Student’s passion takes her from Oregon to Colorado to Kazakhstan
Friday, January 20, 2017 4:25 PM
While many students are preparing for the start of the spring semester by reviewing their class schedule, purchasing books and reconnecting with friends, Emma Malmquist is training every day for the 2017 winter Universiade games — the largest global winter competition for student-athletes.
The twenty-eighth winter games will be held in Almaty, Kazakhstan from Jan. 29-Feb.8. Fifty-five countries will be represented and Malmquist will be one of 2,000 student-athletes competing.
The 21-year-old CMU exercise science major isn’t nervous about representing the USA as a cross-country skier on an international level. She has been a skier most of her life and trains rigorously throughout the year. “I’m most nervous about getting there,” Malmquist said. Otherwise she is excited to compete, to meet new people, immerse herself in other cultures and talk training schedules with fellow competitors.
After the 13-hour flight, she will be housed in one of 14 buildings comprising the athletes’ complex with similar amenities to the Olympics athletes’ village, Malmquist said. “This is the second largest sporting event behind the Olympics.”
Malmquist’s scores at last year’s nationals made her a candidate for the USA team. She submitted an application and shortly after learned she was accepted to compete at Universiade. Three of her teammates are from the University of Wyoming, who won nationals last year, and four other university skiers from around the nation round out the USA Nordic ski team.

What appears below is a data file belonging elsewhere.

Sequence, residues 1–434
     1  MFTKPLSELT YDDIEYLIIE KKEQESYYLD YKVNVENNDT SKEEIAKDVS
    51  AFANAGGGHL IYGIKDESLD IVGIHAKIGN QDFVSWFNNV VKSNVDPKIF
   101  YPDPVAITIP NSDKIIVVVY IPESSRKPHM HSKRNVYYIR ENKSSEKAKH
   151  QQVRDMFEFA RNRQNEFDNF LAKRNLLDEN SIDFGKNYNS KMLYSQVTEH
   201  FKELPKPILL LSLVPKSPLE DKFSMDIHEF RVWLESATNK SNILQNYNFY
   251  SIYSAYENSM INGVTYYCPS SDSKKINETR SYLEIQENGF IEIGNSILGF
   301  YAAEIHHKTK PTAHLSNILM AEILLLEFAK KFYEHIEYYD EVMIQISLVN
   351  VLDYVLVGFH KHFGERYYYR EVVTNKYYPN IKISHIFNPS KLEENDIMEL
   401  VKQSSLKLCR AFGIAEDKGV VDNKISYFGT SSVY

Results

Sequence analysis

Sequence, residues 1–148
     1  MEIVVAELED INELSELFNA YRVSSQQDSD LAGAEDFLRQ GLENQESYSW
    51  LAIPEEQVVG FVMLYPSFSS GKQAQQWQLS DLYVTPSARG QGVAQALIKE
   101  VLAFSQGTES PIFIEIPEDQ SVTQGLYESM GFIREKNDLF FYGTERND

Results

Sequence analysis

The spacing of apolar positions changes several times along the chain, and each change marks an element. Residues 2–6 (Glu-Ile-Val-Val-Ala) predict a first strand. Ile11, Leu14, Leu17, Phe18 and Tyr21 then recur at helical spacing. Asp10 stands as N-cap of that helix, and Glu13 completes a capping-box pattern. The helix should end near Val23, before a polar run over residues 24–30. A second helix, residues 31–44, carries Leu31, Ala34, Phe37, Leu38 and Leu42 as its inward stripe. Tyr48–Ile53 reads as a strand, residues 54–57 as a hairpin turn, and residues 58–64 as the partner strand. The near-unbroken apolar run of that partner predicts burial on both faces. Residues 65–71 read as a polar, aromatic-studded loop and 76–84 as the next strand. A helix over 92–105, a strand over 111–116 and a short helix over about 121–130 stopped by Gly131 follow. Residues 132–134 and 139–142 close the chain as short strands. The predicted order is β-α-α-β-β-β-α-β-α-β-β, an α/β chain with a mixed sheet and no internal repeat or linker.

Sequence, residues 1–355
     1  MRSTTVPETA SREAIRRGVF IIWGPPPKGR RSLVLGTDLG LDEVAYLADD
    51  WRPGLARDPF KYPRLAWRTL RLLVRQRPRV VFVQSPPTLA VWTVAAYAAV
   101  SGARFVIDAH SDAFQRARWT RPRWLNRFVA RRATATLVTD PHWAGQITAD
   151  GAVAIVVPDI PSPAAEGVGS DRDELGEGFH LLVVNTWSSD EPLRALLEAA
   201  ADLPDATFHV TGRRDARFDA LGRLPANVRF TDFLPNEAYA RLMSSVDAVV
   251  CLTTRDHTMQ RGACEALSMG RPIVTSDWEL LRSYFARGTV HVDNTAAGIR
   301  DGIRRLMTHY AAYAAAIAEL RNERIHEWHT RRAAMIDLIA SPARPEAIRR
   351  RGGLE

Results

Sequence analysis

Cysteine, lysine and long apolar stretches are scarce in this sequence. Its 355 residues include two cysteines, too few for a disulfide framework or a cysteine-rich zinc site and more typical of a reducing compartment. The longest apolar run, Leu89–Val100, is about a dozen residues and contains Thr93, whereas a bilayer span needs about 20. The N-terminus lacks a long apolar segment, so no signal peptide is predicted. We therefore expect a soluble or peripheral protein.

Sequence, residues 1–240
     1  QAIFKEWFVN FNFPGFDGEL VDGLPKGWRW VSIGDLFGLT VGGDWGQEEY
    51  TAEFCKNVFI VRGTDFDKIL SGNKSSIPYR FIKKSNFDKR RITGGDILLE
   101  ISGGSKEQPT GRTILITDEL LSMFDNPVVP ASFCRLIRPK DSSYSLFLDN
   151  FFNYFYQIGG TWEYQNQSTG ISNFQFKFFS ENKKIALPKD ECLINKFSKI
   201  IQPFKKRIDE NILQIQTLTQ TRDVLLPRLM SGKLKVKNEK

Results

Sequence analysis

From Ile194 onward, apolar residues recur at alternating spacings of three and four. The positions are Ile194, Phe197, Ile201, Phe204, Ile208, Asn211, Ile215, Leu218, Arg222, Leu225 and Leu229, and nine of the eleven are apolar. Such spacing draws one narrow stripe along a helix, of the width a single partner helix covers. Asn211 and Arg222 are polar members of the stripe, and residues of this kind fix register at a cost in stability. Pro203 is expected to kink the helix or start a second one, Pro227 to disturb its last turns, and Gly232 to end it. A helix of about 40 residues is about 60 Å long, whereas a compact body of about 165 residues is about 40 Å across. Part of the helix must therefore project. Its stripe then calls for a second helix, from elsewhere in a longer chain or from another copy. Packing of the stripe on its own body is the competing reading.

Originally from Bend, Oregon, Malmquist has skied competitively for quite some time, and after a year off to play soccer at a university in California, she transferred to CMU in large part due to the skiing program. Competing for CMU has prepared her for this next stage of competition. “We have one of the most unique programs in the country,” she said. “Coach Dave takes care of us.” There is a focus on healthy competition and a solid team dynamic.
After receiving the news she was accepted, Malmquist had just a few weeks to fundraise before the money was due. She raised about $1,000 on her own, the Associated Student Government covered a portion of her costs and then she presented to the CMU Board of Trustees where she received the rest of the money she needed.
“I’m really thankful they made this a reality for me,” Malmquist said.
Although her eyes are on the upcoming competition, her education is the first priority. She is enrolled in all on-line classes for this semester, so she won’t miss a beat while in Kazakhstan going for gold.
Dana Nunn, Director of Media Relations